The last two bulge bracket investment banks, Goldman Sachs and Morgan Stanley, elected to convert to bank holding companies and be fully regulated by the Federal Reserve. Moving forward, the recent financial crisis has weakened both the reputation and the dominance of U.S. investment banking organizations throughout the world. The growth of foreign capital markets along with an increase in pools of sovereign capital is changing the landscape of the industry. The growing international flow of capital has also opened up opportunities for investment banking in new financial centers around the world, including those in developing countries such as India, China and the Middle East
SIZE OF THE INDUSTRY:
Global investment banking revenue increased for the fifth year running in 2007, to a record US$84.3 billion, which was up 22% on the previous year and more than double the level in 2003. Subsequent to their exposure to United States sub-prime securities investments, many investment banks have experienced losses since this time. The United States was the primary source of investment banking income in 2007, with 53% of the total, a proportion which has fallen somewhat during the past decade. Europe (with Middle East and Africa) generated 32% of the total, slightly up on its 30% share a decade ago. Asian countries generated the remaining 15%. Over the past decade, fee income from the US increased by 80%.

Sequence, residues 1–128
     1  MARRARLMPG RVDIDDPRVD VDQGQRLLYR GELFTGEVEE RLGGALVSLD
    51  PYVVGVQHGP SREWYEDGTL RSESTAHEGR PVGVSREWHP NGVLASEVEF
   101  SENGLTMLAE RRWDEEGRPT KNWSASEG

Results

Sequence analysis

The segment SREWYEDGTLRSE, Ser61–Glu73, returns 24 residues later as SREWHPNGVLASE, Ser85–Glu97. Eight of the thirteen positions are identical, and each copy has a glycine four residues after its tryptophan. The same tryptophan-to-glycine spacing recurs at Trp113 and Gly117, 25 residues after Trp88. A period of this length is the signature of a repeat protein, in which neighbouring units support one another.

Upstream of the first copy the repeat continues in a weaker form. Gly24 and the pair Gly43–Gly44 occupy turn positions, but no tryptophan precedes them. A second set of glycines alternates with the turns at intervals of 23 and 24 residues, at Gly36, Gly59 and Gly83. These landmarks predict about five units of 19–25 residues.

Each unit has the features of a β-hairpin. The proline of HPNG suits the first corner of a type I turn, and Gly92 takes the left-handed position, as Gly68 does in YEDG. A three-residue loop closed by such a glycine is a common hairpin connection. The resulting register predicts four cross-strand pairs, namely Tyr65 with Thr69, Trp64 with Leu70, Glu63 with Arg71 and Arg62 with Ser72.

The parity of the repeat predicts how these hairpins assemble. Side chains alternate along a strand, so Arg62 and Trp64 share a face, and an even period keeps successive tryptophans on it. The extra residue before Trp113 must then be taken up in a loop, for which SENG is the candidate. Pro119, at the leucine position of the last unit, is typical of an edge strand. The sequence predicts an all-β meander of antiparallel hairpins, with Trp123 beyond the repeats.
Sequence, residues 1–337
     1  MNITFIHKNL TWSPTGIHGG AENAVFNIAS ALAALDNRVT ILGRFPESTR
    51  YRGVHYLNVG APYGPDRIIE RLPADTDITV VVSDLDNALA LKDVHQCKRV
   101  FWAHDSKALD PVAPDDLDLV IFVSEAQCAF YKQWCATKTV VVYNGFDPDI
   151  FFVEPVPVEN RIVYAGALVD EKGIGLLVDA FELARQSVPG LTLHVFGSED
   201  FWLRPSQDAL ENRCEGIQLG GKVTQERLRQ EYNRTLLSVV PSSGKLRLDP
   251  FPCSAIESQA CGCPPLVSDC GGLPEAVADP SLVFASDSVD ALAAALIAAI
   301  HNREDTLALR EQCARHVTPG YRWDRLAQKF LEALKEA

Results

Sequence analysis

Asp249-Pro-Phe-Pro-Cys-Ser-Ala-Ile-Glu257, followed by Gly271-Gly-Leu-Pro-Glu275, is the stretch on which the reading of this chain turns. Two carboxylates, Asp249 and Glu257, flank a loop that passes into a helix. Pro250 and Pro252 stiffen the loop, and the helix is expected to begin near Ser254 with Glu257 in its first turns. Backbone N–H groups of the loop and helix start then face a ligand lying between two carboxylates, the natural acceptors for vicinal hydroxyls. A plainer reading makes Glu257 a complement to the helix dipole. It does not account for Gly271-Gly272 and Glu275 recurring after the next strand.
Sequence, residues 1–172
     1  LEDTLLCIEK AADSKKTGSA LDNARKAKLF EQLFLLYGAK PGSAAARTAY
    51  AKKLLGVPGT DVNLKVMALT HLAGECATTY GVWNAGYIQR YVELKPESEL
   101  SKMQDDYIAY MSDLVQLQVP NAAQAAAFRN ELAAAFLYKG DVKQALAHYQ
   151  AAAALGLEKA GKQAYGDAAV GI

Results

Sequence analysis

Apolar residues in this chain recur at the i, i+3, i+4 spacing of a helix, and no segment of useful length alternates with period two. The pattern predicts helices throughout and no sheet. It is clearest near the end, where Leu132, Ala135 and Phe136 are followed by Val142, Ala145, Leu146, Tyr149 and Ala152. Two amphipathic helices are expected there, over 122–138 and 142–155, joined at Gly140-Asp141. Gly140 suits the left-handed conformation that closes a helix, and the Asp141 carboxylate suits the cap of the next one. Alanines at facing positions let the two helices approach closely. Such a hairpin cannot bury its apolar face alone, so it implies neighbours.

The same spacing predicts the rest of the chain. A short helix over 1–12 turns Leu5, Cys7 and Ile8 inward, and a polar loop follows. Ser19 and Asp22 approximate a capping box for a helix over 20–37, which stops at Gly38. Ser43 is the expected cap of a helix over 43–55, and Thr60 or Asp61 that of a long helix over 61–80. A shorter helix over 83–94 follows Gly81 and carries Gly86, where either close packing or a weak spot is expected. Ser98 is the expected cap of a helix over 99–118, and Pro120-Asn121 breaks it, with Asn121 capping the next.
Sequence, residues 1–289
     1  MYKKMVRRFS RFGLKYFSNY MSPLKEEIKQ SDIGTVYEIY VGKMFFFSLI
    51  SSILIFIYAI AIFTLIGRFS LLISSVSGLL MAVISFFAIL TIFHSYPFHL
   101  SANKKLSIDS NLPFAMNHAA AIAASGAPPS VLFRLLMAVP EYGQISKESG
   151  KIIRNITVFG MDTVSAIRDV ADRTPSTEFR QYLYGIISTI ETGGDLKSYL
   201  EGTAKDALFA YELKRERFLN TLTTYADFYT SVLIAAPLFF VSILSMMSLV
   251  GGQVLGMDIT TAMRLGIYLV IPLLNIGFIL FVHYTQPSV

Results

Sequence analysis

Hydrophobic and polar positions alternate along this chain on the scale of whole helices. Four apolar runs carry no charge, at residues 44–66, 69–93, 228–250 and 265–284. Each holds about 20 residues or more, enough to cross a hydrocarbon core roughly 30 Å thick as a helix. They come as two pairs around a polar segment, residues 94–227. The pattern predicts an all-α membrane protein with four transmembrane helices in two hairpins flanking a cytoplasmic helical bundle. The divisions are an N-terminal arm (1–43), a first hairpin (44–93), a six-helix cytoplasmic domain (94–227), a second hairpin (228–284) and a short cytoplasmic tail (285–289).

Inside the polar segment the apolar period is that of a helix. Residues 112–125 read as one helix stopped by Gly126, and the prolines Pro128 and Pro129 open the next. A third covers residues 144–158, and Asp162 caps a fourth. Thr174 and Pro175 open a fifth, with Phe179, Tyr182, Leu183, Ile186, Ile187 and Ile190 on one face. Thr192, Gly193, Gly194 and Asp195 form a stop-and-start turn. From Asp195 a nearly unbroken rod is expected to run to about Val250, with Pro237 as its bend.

This compares with a 217% increase in Europe and 250% increase in Asia during this period. The industry is heavily concentrated in a small number of major financial centres, including City of London, New York City, Hong Kong and Tokyo. Investment banking is one of the most global industries and is hence continuously challenged to respond to new developments and innovation in the global financial markets. New products with higher margins are constantly invented and manufactured by bankers in the hope of winning over clients and developing trading know-how in new markets. However, since these can usually not bepatented or copyrighted, they are very often copied quickly by competing banks, pushing down trading margins. For example, trading bonds and equities for customers is now a commodity business, but structuring and trading derivatives retains higher margins in good times—and the risk of large losses in difficult market conditions, such as the credit crunch that began in 2007.
Each over-the-counter contract has to be uniquely structured and could involve complex pay-off and risk profiles. Listed option contracts are traded through major exchanges, such as the CBOE, and are almost as commoditized as general equity securities. In addition, while many products have been commoditized, an increasing amount of profit within investment banks has come from proprietary trading, where size creates a positive network benefit (since the more trades an investment bank does, the more it knows about the market flow, allowing it to theoretically make better trades and pass on better guidance to clients).
The fastest growing segments of the investment banking industry are private investments into public companies (PIPEs, otherwise known as Regulation D or Regulation S). Such transactions are privately negotiated between companies and accredited investors. These PIPE transactions are non-rule 144A transactions. Large bulge bracket brokerage firms and smaller boutique firms compete in this sector. Special purpose acquisition companies (SPACs) or blank check corporations have been created from this industry.